Jun 24, 2021 - World

Child soldiers mostly responsible for Burkina Faso massacre, officials say

Photo of a desert area with an enclave of green trees

Kaya in northern Burkina Faso. Photo: Giles Clarke via Getty Images

A group of young boys helped carry out an attack in Burkina Faso that killed at least 138 people earlier this month, Reuters reports.

Why it matters: It was one of the deadliest massacres in years in the West African country, which has struggled to hold off multiple insurgencies, including from groups linked to al-Qaeda and the Islamic State, per the Washington Post.

Driving the news: The attack in the northeastern village of Solhan was mostly perpetrated by children between the ages of 12 and 14, government spokesman Ousseni Tamboura told reporters this week.

  • It was unclear which group instigated the attack. Officials did not offer further details.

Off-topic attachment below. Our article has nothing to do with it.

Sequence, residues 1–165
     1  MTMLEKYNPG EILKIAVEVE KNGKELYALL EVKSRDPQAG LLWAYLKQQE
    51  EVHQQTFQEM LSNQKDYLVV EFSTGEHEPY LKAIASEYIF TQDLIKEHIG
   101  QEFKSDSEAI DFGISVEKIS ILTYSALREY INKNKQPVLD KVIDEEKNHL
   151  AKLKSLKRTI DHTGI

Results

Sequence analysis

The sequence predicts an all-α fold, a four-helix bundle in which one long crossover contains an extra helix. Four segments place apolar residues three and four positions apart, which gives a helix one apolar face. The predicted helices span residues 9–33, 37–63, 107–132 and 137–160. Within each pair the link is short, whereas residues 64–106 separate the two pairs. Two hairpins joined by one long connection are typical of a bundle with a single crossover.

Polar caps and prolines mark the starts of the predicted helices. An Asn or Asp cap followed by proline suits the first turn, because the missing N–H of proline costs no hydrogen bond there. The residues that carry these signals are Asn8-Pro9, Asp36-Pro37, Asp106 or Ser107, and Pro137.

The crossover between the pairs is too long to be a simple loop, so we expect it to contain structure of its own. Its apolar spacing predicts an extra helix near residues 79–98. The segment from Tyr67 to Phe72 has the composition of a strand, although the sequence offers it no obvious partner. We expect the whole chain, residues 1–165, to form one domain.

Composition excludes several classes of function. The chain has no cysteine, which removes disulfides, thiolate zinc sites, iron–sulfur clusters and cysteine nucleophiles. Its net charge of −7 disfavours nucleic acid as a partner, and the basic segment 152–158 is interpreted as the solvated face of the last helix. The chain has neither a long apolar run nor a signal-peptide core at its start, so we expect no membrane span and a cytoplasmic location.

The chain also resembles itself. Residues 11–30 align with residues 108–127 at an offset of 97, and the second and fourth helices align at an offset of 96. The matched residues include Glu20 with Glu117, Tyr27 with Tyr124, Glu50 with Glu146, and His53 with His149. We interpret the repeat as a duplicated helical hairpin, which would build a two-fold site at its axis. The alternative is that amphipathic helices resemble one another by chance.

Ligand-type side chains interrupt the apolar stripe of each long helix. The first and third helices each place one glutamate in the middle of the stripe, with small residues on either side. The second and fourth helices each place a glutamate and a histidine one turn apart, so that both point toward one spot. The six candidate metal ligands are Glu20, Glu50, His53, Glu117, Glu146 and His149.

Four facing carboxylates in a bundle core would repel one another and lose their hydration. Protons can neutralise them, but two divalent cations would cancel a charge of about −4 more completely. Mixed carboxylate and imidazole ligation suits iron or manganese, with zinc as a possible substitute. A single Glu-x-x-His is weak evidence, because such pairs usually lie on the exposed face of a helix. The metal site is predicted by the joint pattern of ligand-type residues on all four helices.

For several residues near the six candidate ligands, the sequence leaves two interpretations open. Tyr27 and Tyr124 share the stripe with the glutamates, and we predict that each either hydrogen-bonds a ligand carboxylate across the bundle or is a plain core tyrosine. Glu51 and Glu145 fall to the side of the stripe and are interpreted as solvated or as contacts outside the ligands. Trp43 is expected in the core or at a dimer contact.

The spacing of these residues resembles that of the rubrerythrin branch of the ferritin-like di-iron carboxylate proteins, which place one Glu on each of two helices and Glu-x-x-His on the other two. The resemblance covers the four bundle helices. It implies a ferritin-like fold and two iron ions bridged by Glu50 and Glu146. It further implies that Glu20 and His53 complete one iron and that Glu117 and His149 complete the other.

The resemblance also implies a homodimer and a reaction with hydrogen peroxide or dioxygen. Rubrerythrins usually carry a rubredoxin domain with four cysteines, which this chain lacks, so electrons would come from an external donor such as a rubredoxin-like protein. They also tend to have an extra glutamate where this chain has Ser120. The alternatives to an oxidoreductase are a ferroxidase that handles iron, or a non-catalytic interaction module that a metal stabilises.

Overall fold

What they're saying: "We are alarmed by the presence of children within armed groups," Sandra Lattouf, UNICEF's Burkina Faso representative, said in a statement to the Post. "While living among armed actors, children experience unconscionable forms of violence including physical and sexual violence or high level of traumatic experiences."

The big picture: The crisis in Burkina Faso has killed hundreds of people and displaced more than 1.2 million, 61% of whom are children, according to UNICEF said. One in 10 schools have closed, which has impacted over 300,000 children.

  • Experts say the school closures have made children more vulnerable to abuse, trafficking and recruitment into gangs or combat.
  • In 2020, armed groups in Central and West Africa recruited roughly 3,270 children into their ranks — more than a third of the world's documented child soldiers, according to the United Nations.
  • Children abducted by Boko Haram in Nigeria have said the extremists threatened to kill anyone who refused to participate in the attacks, the Post reports.
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